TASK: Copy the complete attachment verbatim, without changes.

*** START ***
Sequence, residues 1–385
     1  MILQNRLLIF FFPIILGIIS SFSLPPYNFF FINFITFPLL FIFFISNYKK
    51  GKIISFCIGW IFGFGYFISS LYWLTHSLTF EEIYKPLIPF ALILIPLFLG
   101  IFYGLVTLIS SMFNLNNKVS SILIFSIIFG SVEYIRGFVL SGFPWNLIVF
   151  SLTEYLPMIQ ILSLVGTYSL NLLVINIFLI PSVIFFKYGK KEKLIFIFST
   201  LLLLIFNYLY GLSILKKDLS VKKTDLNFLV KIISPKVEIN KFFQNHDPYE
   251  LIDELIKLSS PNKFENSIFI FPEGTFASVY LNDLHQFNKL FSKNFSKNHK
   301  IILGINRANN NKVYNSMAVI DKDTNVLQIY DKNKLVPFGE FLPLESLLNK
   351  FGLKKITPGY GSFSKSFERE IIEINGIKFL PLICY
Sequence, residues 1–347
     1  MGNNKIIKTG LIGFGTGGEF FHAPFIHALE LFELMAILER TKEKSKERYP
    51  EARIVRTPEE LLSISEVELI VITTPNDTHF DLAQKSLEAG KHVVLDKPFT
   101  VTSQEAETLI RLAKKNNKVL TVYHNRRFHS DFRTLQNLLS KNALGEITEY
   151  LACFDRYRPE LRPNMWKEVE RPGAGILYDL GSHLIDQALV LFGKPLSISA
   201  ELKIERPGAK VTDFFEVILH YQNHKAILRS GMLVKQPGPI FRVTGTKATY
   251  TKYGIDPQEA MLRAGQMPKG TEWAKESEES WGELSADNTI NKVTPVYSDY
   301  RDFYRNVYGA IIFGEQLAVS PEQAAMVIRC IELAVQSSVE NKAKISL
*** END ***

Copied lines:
Sequence, residues 1–385
     1  MILQNRLLIF FFPIILGIIS SFSLPPYNFF FINFITFPLL FIFFISNYKK
    51  GKIISFCIGW IFGFGYFISS LYWLTHSLTF EEIYKPLIPF ALILIPLFLG
   101  IFYGLVTLIS SMFNLNNKVS SILIFSIIFG SVEYIRGFVL SGFPWNLIVF
   151  SLTEYLPMIQ ILSLVGTYSL NLLVINIFLI PSVIFFKYGK KEKLIFIFST
   201  LLLLIFNYLY GLSILKKDLS VKKTDLNFLV KIISPKVEIN KFFQNHDPYE
   251  LIDELIKLSS PNKFENSIFI FPEGTFASVY LNDLHQFNKL FSKNFSKNHK
   301  IILGINRANN NKVYNSMAVI DKDTNVLQIY DKNKLVPFGE FLPLESLLNK
   351  FGLKKITPGY GSFSKSFERE IIEINGIKFL PLICY
Sequence, residues 1–347
     1  MGNNKIIKTG LIGFGTGGEF FHAPFIHALE LFELMAILER TKEKSKERYP
    51  EARIVRTPEE LLSISEVELI VITTPNDTHF DLAQKSLEAG KHVVLDKPFT
   101  VTSQEAETLI RLAKKNNKVL TVYHNRRFHS DFRTLQNLLS KNALGEITEY
   151  LACFDRYRPE LRPNMWKEVE RPGAGILYDL GSHLIDQALV LFGKPLSISA
   201  ELKIERPGAK VTDFFEVILH YQNHKAILRS GMLVKQPGPI FRVTGTKATY
   251  TKYGIDPQEA MLRAGQMPKG TEWAKESEES WGELSADNTI NKVTPVYSDY
   301  RDFYRNVYGA IIFGEQLAVS PEQAAMVIRC IELAVQSSVE NKAKISL